The next time you buy a pass for an evening of rock music in Chennai, you might actually be contributing toward Elvis Presley’s royalty — going by the claim of the Indian Performing Rights Society (IPRS).
Members of several bands in the city say that of late, an IPRS member gets in touch with them before a show and demands that a particular sum — anything between Rs. 5,000 and Rs. 80,000 — be paid as licence fee and royalty. IPRS spokespersons, however, say they have tie-ups with similar organisations in other countries and the money they collect goes to the respective artistes.
But the deal is not all that clear, say artistes, who are sceptical about the credibility of this initiative that claims to protect copyrights. Royalty payable to artistes or their foundations abroad, they believe, is a grey area.
As of now, there are two copyright societies that approach artistes, bands or organisers, to demand a licence fee: Phonographic Performance Limited (PPL) and IPRS. According to intellectual property rights lawyer Ananth Padmanabhan, PPL deals only with sound recordings, while IPRS deals with the administration of musical and literary works.
“If a sound recording is used as is, licence ought to be sought only from PPL. On the other hand, if only the musical score and the lyrics are used, as is the case in live concerts, you need to get a licence from IPRS,” he said.
A singer with an amateur rock band was taken by surprise when IPRS contacted her. “They (IPRS representatives) looked at advertisements and posters of our show and contacted us two days before the event and said we had to pay Rs. 26,000. They kept calling and harassing us,” she said.
Her band, she said, plays largely music from the 60s and 70s. “We don’t perform music of just one band or singer. It’s a mix — so will the IPRS distribute the fee among Elvis Presley, Michael Jackson and the others?” she said.
Musician Denver Nicholas was stumped when IPRS members asked him to pay up Rs. 80,000 before performing a musical featuring Michael Jackson hits in September 2011. “I did not have a choice. Just a day before our show, a representative of the IPRS came with some documents. I was worried they would create problems. So I paid up,” he said.
When asked to comment, the IPRS representative in Chennai said his colleague at the head office in Mumbai was the right person to speak on the issue. When contacted over telephone, G.G. Prasad of IPRS, Mumbai, said: “IPRS has been working in the area of copyrights and licensing since 1969. While there is more awareness of copyright law now, much more needs to be done.”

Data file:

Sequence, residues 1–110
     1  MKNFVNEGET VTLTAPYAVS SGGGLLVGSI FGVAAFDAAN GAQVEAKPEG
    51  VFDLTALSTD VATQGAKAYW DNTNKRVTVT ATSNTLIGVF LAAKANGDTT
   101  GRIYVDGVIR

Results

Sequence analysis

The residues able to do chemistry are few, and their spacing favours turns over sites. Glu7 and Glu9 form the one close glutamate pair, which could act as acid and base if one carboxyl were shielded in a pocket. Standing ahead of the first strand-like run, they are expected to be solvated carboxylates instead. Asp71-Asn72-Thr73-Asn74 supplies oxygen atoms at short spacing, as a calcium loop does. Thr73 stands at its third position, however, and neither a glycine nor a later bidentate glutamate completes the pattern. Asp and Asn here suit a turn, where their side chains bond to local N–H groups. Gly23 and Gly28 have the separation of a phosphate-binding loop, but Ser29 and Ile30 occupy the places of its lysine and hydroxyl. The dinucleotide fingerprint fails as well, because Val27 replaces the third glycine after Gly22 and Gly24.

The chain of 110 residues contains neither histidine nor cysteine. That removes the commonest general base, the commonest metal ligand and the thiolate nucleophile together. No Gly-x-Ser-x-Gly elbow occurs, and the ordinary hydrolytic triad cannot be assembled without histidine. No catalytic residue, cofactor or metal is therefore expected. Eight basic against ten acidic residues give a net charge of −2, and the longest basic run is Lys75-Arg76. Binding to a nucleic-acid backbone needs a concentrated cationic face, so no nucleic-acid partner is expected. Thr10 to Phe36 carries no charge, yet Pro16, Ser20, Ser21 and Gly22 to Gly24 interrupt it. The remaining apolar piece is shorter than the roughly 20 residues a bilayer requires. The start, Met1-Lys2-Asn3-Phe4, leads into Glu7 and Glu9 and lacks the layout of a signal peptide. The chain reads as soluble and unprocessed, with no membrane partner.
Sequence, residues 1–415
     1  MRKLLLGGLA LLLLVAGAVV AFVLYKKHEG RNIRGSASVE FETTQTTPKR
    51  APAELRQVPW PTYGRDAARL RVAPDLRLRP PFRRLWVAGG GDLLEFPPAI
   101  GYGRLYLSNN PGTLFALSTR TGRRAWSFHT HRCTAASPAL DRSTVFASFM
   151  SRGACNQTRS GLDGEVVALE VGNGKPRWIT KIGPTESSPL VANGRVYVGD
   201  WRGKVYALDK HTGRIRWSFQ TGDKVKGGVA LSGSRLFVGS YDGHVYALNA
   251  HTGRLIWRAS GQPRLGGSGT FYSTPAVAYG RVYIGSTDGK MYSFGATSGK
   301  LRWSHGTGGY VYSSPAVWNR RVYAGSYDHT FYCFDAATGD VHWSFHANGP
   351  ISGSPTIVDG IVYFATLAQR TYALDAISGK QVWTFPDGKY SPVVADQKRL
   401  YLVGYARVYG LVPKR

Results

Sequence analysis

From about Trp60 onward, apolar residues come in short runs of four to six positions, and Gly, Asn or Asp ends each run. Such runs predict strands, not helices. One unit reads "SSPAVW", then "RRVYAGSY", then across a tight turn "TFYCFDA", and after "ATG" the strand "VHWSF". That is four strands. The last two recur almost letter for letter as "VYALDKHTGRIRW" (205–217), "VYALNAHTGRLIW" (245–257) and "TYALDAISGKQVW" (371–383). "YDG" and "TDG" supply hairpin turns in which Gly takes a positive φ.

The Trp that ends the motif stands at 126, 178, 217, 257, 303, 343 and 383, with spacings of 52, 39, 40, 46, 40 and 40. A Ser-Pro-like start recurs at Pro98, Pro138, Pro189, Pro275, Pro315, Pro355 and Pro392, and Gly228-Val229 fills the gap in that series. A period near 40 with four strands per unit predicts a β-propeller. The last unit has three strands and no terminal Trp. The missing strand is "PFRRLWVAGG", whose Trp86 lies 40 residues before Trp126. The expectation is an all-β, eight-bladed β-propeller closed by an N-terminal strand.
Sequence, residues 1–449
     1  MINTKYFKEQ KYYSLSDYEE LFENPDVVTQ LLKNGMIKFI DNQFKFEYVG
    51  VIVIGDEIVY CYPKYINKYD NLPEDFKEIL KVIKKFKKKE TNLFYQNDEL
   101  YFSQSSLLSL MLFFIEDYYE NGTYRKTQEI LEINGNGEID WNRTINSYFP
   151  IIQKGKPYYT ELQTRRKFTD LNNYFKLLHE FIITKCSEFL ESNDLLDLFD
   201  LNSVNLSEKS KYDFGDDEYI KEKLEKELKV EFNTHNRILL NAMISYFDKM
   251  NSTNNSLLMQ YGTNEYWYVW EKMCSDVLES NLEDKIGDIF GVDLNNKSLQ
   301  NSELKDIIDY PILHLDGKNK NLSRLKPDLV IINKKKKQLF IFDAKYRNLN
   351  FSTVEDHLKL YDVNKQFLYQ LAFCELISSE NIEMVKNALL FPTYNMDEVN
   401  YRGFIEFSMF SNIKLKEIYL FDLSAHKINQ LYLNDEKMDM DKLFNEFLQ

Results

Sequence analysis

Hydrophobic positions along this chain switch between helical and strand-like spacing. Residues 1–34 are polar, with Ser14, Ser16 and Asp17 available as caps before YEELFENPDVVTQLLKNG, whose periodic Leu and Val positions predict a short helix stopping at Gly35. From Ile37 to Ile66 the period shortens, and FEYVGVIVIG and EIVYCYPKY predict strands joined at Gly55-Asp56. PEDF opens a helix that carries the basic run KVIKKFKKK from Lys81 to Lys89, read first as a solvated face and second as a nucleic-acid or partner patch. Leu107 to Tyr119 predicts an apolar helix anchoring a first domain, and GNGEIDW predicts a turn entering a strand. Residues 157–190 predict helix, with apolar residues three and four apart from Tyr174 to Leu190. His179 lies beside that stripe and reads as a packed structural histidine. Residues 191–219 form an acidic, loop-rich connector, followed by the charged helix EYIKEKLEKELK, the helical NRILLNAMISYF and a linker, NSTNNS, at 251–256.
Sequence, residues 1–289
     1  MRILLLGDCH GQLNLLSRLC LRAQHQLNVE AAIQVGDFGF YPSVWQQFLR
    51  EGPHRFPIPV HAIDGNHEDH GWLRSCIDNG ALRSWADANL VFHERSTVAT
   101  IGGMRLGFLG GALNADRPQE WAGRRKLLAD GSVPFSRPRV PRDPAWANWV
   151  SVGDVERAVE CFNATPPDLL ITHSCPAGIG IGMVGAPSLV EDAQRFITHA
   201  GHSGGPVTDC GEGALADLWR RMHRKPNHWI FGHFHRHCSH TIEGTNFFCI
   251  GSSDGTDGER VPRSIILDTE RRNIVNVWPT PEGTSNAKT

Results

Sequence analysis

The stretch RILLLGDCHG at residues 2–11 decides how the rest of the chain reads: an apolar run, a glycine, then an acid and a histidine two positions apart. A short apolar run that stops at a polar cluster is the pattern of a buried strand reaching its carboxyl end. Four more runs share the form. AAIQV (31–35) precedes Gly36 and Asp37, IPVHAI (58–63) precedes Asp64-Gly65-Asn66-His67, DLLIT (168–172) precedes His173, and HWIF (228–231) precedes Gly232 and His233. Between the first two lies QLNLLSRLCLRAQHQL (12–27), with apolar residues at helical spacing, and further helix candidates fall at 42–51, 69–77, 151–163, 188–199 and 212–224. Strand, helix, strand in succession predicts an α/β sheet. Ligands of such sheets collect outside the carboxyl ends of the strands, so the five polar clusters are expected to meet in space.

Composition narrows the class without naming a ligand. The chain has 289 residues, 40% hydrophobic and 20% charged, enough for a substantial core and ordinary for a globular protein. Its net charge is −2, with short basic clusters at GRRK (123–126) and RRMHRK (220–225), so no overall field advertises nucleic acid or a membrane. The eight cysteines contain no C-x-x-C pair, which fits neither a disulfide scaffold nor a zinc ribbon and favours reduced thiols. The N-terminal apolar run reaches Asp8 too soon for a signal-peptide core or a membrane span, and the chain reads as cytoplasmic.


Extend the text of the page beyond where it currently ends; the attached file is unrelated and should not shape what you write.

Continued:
In India, an artiste’s work enjoys copyright protection for 60 years over and above his/her lifetime. Mr. Padmanabhan said: “While we know of artistes and composers in India opting for IPRS membership, it is still unclear how IPRS deals with artistes or bands based abroad.”
According to Mr. Prasad, the IPRS has ties in 200 countries, in addition to over 3,000 artiste-members in India. “If an Indian band pays tribute to Michael Jackson in a show, our informers alert us. We then go and collect the licence fee and remit it to our partner’s account. Similarly, if there is a Laxmikant-Pyarelal night in Los Angeles, our US partners collect the licence fee on our behalf and remit it to our account. That’s how it works.”
Mr. Prasad added: “Many artistes here (in India) tell us they survive because of us. They pay Rs. 500 as a one-time membership fee and after that, we collect their royalty and hand it over to them, after deducting administrative costs.” Though IPRS claimed to go strictly by a tariff (view details on www.iprs.org) , many artistes said the charges were not really standardised.
A Chennai-based guitarist with a hard rock band said: “The IPRS member bargained with us. When we said we could not pay Rs. 15,000, he settled for a lesser amount. I wonder if a few thousand rupees would mean anything to a star in the US or the UK.”
Mr. Prasad said: “Yes, we do negotiate within our parameters. The rates do not necessarily apply to the country where the original artiste is based, but it’s still important to collect the fee and pay royalty.”
Such negotiations made by the IPRS and the absence of adequate proof of how the collected money reaches artistes abroad irk artistes. Siddharth Srinivasan, who sings and plays for bands The Captains of Hook and Junkyard Groove , said: “It is important to ensure payment of royalty. But I wonder if it ever reaches the original artiste.”